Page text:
Our Most Holy Lady and the Church5 November 2018
Our Lady isn’t just an ordinary woman, nor, however, is she a goddess. She’s a special person whom God selected to be His mother and, by extension, the mother of the whole world. At Christmas, which we’re gradually approaching, theological discourse quite rightly centres on the Person of Jesus Christ, Who is God and human. The day after Christmas, however, we celebrate the synaxis of the Mother of God, in other words the assembly of the faithful to celebrate the person(s) who, in a sense ‘brought’ us the feast on the previous day, in this case Our Lady who gave us Christ.
The relationship between Christ and Mary is unique, since the Mother of God and she alone, is His mother and His servant. In her response to the angel’s greeting, she agreed to comply with the mystery of the incarnation. She gave birth to God, representing His people and confirming a new testament with Him. She’s not a symbol, she’s a person who, through her womb, provided Christ with His human nature, since this was something which, until then, He didn’t have. She was a normal person and, therefore Christ, whom she bore, was both normal and perfect.
The Fathers of the Church call her the ‘Second Eve’, or the ‘New Eve’, since her response, ‘I agree’ [literally ‘May it be’] expunged the ‘initial curse’ and opened the way for the ‘new Adam’ to enter into communion with God. But there was something else about the willing consent of Our Lady: her identification with the Church. The Church and Mary are identical and parallel as regards the mystery of the incarnation. It’s a mystery of motherhood and of adoption, at the same time, which is activated by the Holy Spirit (Matth. 1, 20; Lk. 1, 35). This is realized first and foremost as regards Christ (Lk. 1, 31; Acts 12, 5) but also for the members of His body (Jn. 19, 26).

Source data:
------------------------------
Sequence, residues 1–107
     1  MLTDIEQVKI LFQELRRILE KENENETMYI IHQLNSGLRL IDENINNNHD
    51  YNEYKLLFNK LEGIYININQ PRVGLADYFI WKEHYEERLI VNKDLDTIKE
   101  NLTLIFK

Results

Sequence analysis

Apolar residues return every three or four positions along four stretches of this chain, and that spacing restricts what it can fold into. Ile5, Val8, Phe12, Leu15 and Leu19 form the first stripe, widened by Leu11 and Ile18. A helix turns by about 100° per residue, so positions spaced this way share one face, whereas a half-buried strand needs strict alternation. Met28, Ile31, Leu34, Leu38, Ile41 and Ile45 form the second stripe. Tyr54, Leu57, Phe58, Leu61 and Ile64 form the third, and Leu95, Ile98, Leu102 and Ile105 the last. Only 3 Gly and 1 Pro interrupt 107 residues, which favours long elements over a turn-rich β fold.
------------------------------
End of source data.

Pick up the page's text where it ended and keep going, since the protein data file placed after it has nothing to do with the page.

Let’s look more closely at the relationship between Our Lady and the Church.
As we’ve said, the connection between these two is unbreakable, because, through Our Lady, God became a human person and therefore the brother and friend of all of us. He’s the head of the Church of which we’re all members. The Church is His body and He is its head (Col. 1, 18). We’re grateful for this great miracle and we honour Our Lady for making our adoption by Christ a possibility. This is why Our Lady isn’t absent from the Church, from our worship, our hymns, our icons and from our daily prayers to her. The Mother Church is the Mother of God and, in some measure, they’re identical, since Christ is the essence and centre of both of them. Christ lies in the womb of His mother, but we also find Him in the Church, which resembles her womb. Both of them give us Christ incarnate, perfect God and perfect human.
The Church is the Bride of Christ (Eph. 5, 32), a bride that’s a virgin and that was ‘built’ upon the Virgin Mary. So every Christian who wishes to be united to Christ is called upon to be His bride. Saint Paul, the Apostle to the Gentiles, underlines this when, addressing the Corinthians, he says: ‘I’m possessive of you with the possessiveness of God, for I promised you in marriage to one husband, to present you as a chaste virgin to Christ’ (II Cor. 11, 2).